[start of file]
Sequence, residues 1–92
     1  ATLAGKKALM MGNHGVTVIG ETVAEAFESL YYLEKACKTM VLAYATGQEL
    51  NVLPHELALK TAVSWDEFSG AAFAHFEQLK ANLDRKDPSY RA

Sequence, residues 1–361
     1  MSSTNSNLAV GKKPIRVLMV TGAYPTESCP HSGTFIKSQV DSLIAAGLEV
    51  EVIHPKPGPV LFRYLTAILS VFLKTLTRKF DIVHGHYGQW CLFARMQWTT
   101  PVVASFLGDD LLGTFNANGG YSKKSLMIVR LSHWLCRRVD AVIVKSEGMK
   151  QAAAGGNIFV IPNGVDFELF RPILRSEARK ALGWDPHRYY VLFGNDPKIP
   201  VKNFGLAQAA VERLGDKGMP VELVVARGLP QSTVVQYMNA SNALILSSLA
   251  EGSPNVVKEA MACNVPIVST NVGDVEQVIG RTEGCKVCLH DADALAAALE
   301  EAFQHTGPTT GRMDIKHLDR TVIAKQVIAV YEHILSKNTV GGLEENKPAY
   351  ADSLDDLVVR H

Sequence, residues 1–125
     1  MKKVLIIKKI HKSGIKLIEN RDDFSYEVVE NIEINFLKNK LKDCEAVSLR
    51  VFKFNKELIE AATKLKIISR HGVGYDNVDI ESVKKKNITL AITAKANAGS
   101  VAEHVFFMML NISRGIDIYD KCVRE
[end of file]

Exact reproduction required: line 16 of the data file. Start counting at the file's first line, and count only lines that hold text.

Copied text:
   101  VAEHVFFMML NISRGIDIYD KCVRE